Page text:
New Destination, Same Mission: Interview with Arario Gallery
By Tong Tung Yeng & The Editors
On February 1, Arario Gallery opened its new flagship home in the Wonseo-dong neighborhood of Seoul, in a fully renovated, seven-story building. The opening exhibition, “Romantic Irony,” featured five artists—Gwon Osang, Lee Dongwook, Kim Inbai, Ahn Jisan, and Noh Sangho—who have long working relationships with the gallery. We asked Arario Gallery’s director Sojung Kang about the new location, the debut exhibition, and the gallery’s plans for 2023 and beyond.
What do you envision for your new gallery space in Wonseo-dong?
Since our opening in 1989, Arario Gallery’s philosophy has been to keep ahead of trends in the Asia-Pacific region. We have long concentrated on discovering and growing together with talented artists, and we plan to continue doing so even after relocating to Wonseo-dong. We expect our Wonseo-dong gallery to facilitate more experimental attempts than before, as our various floors will provide more spaces for experimental exhibitions by young artists.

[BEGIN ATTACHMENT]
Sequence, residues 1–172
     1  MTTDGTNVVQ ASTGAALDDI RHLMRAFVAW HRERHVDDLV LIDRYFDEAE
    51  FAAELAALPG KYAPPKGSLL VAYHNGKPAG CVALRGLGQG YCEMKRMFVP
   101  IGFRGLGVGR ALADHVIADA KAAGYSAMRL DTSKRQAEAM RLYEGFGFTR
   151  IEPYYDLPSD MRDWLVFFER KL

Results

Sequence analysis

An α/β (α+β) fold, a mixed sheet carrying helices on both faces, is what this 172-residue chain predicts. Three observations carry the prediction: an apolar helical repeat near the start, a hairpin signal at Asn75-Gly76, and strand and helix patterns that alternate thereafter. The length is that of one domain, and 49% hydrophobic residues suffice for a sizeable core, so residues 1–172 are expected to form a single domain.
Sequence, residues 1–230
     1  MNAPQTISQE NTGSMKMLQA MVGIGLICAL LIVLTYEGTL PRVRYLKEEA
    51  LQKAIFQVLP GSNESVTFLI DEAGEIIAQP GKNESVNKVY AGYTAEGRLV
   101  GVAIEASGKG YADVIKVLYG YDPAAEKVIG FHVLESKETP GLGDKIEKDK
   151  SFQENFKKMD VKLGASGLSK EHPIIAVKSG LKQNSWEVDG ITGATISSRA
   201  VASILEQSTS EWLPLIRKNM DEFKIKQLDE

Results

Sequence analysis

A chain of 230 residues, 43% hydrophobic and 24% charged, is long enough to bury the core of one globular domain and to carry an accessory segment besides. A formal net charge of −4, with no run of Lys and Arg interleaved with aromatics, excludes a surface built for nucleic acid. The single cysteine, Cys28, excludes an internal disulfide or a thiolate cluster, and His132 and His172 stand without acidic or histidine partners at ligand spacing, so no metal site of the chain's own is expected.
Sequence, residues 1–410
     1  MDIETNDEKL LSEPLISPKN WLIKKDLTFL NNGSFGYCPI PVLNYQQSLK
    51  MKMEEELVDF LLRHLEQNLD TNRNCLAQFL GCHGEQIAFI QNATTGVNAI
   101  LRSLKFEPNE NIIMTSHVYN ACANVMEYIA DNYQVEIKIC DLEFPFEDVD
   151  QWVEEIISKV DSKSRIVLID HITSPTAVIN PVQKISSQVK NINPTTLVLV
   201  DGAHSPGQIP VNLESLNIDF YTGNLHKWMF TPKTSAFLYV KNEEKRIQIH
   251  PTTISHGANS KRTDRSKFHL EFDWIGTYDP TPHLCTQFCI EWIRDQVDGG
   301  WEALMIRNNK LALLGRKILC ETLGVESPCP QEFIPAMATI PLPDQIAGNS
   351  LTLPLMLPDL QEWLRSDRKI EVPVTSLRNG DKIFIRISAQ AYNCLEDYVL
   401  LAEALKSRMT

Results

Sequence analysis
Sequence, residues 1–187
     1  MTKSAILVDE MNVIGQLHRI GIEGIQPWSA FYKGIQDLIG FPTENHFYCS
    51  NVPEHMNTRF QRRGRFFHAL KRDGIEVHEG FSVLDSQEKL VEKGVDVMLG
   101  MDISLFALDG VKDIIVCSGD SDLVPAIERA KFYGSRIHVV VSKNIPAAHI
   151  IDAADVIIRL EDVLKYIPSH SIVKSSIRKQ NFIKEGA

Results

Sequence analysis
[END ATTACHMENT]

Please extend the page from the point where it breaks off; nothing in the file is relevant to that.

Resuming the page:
Your new space is designed by Jo Nagasaka of Schemata Architects. Why did you choose to work with him? And what does his design offer to the gallery?
Jo Nagasaka is an architect who focuses on the power of renovation rather than new construction. Aside from our galleries, Arario also operates four museums across Seoul and Jeju Island—all of which are buildings with cultural heritage or history. Our focus is to preserve and share these structures’ histories and memories while giving them a contemporary purpose. Nagasaka’s architectural philosophy aligns with Arario’s spirit, and naturally, he was commissioned to design the new gallery.
The new Arario Gallery is located right next to Arario Museum, which was built by one of South Korea’s most important contemporary architects, Kim Swoo-geun. This museum building has now become an important piece of cultural heritage. Therefore, considering the histories of place was important for Nagasaka.
Nagasaka clearly understood the gallery’s wishes to maintain the dark-gray brick exterior of the building, which was constructed in the 1990s, and to design the space to maximize the contrast between its inner gallery and exterior facade. Inside the exhibition hall, white marble flooring and the exposed skeleton of bricks and concrete further emphasize its white-cube appearance.